Rogers glanced over his shoulder at the helmsman in the wheelhouse, a bug-eyed kid standing erect. Though outwardly trying to show fearlessness, he was clasping the large wooden wheel’s peg handles so tightly that his fingers had turned white.
“Chief says we’ve got some power back, but not enough to steer us safely into Amsterdam!” First Mate Ali Nidal shouted into Rogers’ ear. “We have to wait out the storm!”
Without taking his attention off the horizon, Rogers handed Nidal the binoculars and pointed off the starboard bow.
“What’s that look like?” Rogers asked, hunching forward against the biting ocean spray, holding tight to his white captain’s hat.
Nidal pressed the binoculars to his eyes, moving his head left to right and back again before spotting flashing lights. Rogers knew the swarthy Tunisian’s pockmarked face, coal-black eyes, and perpetual frown made overworked crew members worry about whether he was staring at them calmly, or menacingly—a quality Rogers actually found useful.
“S-O-S,” Nidal said in a slight French accent that sometimes made him hard to understand. But it also was useful for Rogers to have a second-in-command who spoke Arabic, French, Spanish, and English and could more easily deal with a polyglot crew.
“That’s what I thought.”
“We will pray for their souls,” said Nidal, handing back the binoculars, emotionless as always. “Further away from shore.”
Rogers peered through the binoculars. “Yeah, that’d be the smart move.”
Rogers, Nidal, and three other sailors in oil-skin jackets and rain hats hung over the Peggy C’s starboard bulwark on the main deck as they tossed roped life rings to six men in a lifeboat bouncing in the angry sea below. Their crippled cargo ship was nearby, giving off its last flickering burst of light and steam before being sucked under the water. The men in the lifeboat stretched out their hands as far as they could for the rings, but the gale-force winds kept blowing salvation out of reach. Out of nowhere, a rogue wave crashed over their lifeboat, swallowing it whole like Jonah’s whale. One second it was there with its six forlorn passengers; the next, it wasn’t.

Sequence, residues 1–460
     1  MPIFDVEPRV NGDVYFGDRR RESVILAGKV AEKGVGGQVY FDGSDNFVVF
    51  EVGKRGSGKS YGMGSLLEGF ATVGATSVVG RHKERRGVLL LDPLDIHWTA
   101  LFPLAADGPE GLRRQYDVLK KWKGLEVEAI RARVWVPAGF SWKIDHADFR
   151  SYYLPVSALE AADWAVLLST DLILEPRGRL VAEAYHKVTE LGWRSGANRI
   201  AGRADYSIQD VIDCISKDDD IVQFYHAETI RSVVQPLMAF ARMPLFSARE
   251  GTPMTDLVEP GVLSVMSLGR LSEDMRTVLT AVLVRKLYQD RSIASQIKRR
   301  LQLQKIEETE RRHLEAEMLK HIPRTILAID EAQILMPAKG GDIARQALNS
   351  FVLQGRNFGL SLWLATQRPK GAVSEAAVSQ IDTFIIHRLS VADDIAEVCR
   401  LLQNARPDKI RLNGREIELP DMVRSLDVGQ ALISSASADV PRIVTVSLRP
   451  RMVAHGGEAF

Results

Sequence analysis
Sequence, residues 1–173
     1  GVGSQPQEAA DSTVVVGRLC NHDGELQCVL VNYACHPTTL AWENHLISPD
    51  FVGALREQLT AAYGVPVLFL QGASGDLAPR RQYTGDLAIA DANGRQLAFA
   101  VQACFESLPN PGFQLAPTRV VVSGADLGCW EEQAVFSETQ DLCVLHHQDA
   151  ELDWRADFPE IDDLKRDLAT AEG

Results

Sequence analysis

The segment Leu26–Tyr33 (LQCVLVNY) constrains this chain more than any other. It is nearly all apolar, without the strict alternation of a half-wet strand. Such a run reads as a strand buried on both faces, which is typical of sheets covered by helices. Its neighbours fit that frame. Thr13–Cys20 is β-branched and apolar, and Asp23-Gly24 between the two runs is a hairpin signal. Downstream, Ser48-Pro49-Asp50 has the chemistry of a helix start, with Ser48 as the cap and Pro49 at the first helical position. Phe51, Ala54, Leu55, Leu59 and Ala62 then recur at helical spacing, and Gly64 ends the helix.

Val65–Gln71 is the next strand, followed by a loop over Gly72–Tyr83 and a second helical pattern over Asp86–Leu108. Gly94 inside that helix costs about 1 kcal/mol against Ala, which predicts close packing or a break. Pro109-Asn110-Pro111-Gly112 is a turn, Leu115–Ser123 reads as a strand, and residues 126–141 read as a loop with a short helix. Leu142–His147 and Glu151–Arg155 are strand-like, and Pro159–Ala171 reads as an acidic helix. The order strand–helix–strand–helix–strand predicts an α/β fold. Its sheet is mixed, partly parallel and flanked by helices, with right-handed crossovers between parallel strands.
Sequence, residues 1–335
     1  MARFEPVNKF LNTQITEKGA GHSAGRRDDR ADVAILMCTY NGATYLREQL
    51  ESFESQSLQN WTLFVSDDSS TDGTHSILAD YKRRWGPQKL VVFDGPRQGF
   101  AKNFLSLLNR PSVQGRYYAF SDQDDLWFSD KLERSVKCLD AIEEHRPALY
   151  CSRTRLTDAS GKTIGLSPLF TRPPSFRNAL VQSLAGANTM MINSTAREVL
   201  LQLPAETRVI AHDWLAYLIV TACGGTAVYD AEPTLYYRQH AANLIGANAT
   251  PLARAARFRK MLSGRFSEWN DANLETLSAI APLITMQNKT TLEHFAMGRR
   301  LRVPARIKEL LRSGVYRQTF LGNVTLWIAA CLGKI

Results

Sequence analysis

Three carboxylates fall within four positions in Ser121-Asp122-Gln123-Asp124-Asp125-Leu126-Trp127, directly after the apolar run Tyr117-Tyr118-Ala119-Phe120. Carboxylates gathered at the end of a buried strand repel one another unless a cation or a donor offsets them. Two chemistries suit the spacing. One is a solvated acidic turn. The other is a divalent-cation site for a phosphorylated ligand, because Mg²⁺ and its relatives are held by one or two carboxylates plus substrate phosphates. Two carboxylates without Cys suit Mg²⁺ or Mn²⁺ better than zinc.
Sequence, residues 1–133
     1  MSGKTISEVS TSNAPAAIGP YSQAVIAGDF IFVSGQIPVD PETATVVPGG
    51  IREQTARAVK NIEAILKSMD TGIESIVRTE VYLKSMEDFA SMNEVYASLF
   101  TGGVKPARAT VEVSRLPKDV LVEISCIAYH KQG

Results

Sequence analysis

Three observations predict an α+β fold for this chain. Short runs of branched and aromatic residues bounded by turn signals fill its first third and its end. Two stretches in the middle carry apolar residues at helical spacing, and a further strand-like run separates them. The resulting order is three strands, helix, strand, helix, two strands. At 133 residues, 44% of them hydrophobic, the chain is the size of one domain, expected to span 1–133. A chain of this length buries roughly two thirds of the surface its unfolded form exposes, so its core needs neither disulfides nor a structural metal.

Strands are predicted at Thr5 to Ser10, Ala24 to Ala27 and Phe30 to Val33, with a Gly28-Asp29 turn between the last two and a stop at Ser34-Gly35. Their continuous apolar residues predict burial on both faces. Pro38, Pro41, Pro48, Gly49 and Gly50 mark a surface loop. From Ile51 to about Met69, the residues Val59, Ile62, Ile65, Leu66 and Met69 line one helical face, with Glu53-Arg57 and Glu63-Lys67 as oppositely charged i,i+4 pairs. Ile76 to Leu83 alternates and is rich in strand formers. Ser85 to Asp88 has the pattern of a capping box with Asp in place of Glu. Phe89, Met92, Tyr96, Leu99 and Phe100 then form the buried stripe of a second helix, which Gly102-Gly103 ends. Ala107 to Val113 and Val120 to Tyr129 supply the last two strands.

“Oh my God! Where the hell did they go?” Rogers asked in horror. He shined a hand-held Aldis message lamp on the foaming gray water and moved it in a circle, checking for any sign of movement, any sign of life, hoping against hope that the hungry sea would relent for just a moment and spit out her quarry. Was that a hand? Hands? Rogers focused the light on the apparitions he thought he saw. Three heads popped up. Three men flailed about in the freezing water, shouting in vain to be heard over the crashing waves and howling wind. “There! There!” Rogers shouted, pointing with the lamp. “Throw the rings over there!”
Nidal and the others hurled the roped life rings into the wind; they kept blowing back short of the fading survivors, who eventually managed somehow to fight the current and grab the rings, holding on for dear life as they were dragged through the frigid water toward the ship. Pulling them aboard was an arduous task for Nidal and his men. The survivors, in their soaked winter coats and boots, felt like 300-pound halibuts thrashing and fighting every inch of the way. As the rescuers fought to haul their catch onboard, the slippery rope tore the skin off their frozen hands. One by one, though, they reeled in the three survivors, stretching them out on the deck and pumping their chests to clear their lungs of the saltwater. The men coughed and choked up whatever they had eaten that day, at the same time fighting for breath.
Rogers kept circling the area with his lamp, searching for the other three men, leaning further and further over the rail to get a better angle. Without warning, the Peggy C plunged into a trough, and a wave crashed over the bulwark. Rogers, whose hands were on the binoculars and spotlight, was propelled upward. Looking down at his watery grave and cursing his losing hand, he had no smart move to get out of another mess, no way to fix things, and he almost felt regret as his body was being flung overboard.